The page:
It seems like no matter where I go or what I do, I keep hearing the same old campaign slogans – Barack Obama’s “Yes, we can!” and Hillary Clinton’s recent “Make History!” Both Clinton and Obama are certainly right – history is being made in this country. As candidates, both Obama and Clinton represent hundreds, if not thousands, of years of fighting for total equality. We currently have two candidates who stand for social change and the fight for equality. right?
Being a Democrat, I was initially overjoyed with both these candidates when they declared their intentions to run for president, because I felt confident that either candidate’s presidency would bring about crucial changes on significant political issues.
But after all the speeches I’ve heard them give, I found Obama and Clinton relatively quiet on the issue of gay rights. This was especially surprising considering their penchant for public speaking. I couldn’t accept that these candidates who based their entire campaigns on the idea of equality and social justice had said relatively little about the need for equality for homosexuals.
Just to be fair, I dove right into the candidates’ platforms, looking for their stance on the issue of gay rights.
Clinton’s Web site touts her status as a “Champion for Women” and her push for universal health care. But, it fails to acknowledge gay rights in any way.
Obama’s Web site yielded the same result. As I browsed through Obama’s “Issues,” I found sections on “Civil Rights,” “Education” and “Economy,” but not a word on the rights of homosexuals. I thought that maybe I could find Obama’s defense on gay rights under a section curiously titled “Additional Issues.” It seems that Mr. Obama has something to say about art and sportsmen, but not about ensuring the rights of homosexuals.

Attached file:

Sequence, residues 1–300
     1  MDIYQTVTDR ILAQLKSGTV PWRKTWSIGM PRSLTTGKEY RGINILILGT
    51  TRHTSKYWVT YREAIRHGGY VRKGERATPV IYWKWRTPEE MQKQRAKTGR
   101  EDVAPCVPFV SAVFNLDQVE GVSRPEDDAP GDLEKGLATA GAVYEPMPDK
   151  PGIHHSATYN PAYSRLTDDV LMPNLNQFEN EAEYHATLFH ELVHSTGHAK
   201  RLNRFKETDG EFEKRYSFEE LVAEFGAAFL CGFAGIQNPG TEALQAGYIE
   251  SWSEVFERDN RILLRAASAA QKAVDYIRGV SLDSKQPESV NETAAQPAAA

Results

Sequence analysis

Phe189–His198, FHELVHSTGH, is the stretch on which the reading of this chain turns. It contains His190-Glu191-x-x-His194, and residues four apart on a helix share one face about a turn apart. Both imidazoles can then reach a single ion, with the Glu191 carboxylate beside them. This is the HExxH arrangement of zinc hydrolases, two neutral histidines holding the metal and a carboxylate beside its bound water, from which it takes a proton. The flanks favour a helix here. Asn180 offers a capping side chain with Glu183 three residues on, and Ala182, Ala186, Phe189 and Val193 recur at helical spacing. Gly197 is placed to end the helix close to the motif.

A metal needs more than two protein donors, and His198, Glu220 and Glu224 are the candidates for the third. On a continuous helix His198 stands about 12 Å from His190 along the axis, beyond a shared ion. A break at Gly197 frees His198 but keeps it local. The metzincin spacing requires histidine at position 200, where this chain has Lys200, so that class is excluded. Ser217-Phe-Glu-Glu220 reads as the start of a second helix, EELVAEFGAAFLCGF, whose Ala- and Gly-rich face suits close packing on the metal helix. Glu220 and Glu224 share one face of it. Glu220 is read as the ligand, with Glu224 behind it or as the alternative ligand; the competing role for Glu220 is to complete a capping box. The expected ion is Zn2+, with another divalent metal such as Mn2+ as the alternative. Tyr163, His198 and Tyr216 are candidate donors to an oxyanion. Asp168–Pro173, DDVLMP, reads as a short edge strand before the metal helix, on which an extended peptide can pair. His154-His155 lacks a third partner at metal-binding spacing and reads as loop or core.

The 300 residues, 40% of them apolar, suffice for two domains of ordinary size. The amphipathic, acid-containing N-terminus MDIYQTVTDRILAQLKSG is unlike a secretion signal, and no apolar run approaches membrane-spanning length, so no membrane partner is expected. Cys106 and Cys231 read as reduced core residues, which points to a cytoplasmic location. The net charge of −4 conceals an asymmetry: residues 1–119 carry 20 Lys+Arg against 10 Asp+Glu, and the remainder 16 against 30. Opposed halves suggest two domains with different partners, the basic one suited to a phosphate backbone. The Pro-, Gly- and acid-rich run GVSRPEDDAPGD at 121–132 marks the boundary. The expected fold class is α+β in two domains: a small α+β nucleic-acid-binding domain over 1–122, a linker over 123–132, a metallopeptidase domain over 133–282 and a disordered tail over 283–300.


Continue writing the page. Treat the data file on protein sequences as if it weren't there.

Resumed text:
Conversely, both Obama and Hillary have recently made statements assuring gay, lesbian and bisexual voters that they are supporters of the fight to ensure equal rights for the LGBT community. Notably, Obama dedicated an open letter to the LGBT community assuring them of his fight for “equality for all.” Interestingly enough, according to a recent study by The Williams Institute, both Texas and Ohio are on the list of the top ten states that have the largest gay, lesbian and bisexual populations, ranking fourth and sixth respectively. Is it a coincidence that this letter came out shortly before Tuesday’s primary? I think not. The sad truth is that Obama and Cliton aren’t “reaching out” to the LGBT community – they are pandering to it.
Despite all their rhetoric about breaking the mold of “politics-as-usual” and challenging the status quo, both Obama and Clinton have fallen back into typical political behavior by addressing the issue of gay rights in such a glib manner. To be clear, I’m not saying they are against gay rights. One need only look at their records to highlight that they have voted in a fairly consistent way in support of the gay community.
However, in this election, they both remained remarkably quiet on the issue of gay rights until it was politically advantageous for them to speak out. Both Obama and Clinton are treating the “gay vote” as a momentary prize to be won. Instead, they should be making gay rights a permanent issue, voicing support for the fight for gay rights even when it is not popular. In ignoring this critical issue until recently, both candidates are denying the significance of this issue in the same way that equal rights have been historically denied to both blacks and women. Spouting off that we “can” change society accomplishes nothing. Senators Clinton and Obama must openly address gay rights at all times if they value true equality and social justice, not just when it’s going to guarantee them a vote.
The writer is a sophomore majoring in political science.